Seanad debates

Wednesday, 31 October 2007

Death of Former Member: Expressions of Sympathy


5:00 pm

Photo of Michael McCarthyMichael McCarthy (Labour)

I rise to pay tribute to the late Joe Sherlock, former Deputy, Senator and councillor. I had the experience and privilege of serving on Cork County Council with the late Deputy Sherlock, as did Senators Callanan and Bradford. I quickly became very much aware of his true devotion and vocation in life, which was to be in politics to represent those who are less well-off than others.

Joe Sherlock was first elected to Mallow Urban District Council in 1967 and it was not until 1974 that he won his council seat. He kept contesting election after election to become the sole Sinn Féin the Workers' Party Deputy in Dáil Éireann in 1981. With that election came significant responsibility as there was much political instability at the time. A Government headed by the late Charles Haughey depended very much on his support and it was not easy for somebody without the resources of a modern day parliament and a large party to represent his constituents and chart a path in public life which was very cognisant of the political instability of the day.

His political career spanned over five decades and my experience of Joe Sherlock was that if he had an issue, or a bone, he would chew on it. Senator Callanan repeated the mantra that we heard so often on Cork County Council, "By Christ, Chairman". The officials stood up and listened at that stage. If they did not, there was a "By Christ, Chairman" statement before the fortnight was out. By Christ, the results were obtained.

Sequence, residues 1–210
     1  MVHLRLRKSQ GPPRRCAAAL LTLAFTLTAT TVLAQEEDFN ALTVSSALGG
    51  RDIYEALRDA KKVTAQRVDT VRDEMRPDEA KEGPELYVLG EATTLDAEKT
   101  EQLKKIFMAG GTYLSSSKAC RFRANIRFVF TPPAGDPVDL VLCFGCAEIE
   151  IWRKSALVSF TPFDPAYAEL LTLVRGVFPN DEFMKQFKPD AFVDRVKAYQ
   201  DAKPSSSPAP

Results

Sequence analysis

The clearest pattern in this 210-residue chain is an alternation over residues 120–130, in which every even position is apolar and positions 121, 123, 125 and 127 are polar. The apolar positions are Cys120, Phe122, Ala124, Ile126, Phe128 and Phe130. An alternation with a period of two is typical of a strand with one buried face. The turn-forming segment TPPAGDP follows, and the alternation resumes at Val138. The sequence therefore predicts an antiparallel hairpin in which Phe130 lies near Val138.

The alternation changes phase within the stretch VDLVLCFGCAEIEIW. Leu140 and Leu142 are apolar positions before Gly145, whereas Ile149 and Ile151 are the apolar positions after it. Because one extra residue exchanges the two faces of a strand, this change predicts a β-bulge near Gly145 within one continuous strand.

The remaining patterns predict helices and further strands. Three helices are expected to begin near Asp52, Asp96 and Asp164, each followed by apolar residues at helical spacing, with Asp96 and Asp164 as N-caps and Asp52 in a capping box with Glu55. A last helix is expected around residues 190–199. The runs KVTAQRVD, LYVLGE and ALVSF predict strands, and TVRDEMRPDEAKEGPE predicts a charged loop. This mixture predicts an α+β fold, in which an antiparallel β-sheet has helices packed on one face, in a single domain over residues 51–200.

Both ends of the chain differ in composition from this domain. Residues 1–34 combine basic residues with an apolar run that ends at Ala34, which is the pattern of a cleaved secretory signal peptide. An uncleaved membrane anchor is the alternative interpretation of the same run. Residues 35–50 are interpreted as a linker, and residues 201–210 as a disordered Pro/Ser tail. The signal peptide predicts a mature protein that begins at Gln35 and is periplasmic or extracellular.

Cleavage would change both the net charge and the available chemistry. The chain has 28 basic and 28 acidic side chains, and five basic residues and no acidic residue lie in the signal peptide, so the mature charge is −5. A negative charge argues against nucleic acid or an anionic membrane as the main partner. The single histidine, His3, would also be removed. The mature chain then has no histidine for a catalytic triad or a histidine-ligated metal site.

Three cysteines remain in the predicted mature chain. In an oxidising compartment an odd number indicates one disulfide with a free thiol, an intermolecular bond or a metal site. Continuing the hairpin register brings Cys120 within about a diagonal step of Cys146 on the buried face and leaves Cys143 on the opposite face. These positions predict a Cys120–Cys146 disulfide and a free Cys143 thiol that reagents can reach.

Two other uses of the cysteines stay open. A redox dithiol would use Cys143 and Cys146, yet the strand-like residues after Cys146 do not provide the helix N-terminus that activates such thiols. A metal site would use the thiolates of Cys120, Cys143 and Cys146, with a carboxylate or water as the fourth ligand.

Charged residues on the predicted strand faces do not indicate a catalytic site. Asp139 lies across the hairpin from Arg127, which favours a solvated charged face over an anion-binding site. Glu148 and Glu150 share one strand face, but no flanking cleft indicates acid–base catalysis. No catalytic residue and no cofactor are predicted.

His political path took him from Sinn Féin to The Workers' Party to the Labour Party. He was always a beacon of representation for left-of-centre politics. His trade union background ensured he was always in the broader Labour family and he was always associated with those who were less well-off. He deplored pomp, officialdom and ceremony.

I was not aware he smoked a pipe but smoke may have come from his famous temper rather than from a pipe. When the merger of the Labour Party and Democratic Left took place in the 1990s, there were two Dáil candidates in Cork East, John Mulvihill in Cobh and Joe Sherlock in Mallow. Both had held that Dáil seat on occasion and when they clashed swords on Cork County Council, by Christ there was much smoke.

It was an honour to serve on Cork County Council with Joe Sherlock and it certainly was an experience. We will never see another public representative like him. He kept fighting elections until he was successful and he kept fighting on behalf of his constituents until he obtained results for them. Ultimately, Joe Sherlock will be known for public service and his commitment to the people of north-east Cork. First and foremost he was a Kildorrery man loyal to his constituents and constituency. I extend my sympathy and that of other Members to his family.

It is a great source of pride to the Sherlock family that Seán is taking up the mantle in Dáil Éireann. It is a great monument to Joe Sherlock's memory that his son now holds that Dáil seat in Cork East. Ar dheis Dé go raibh a anam.


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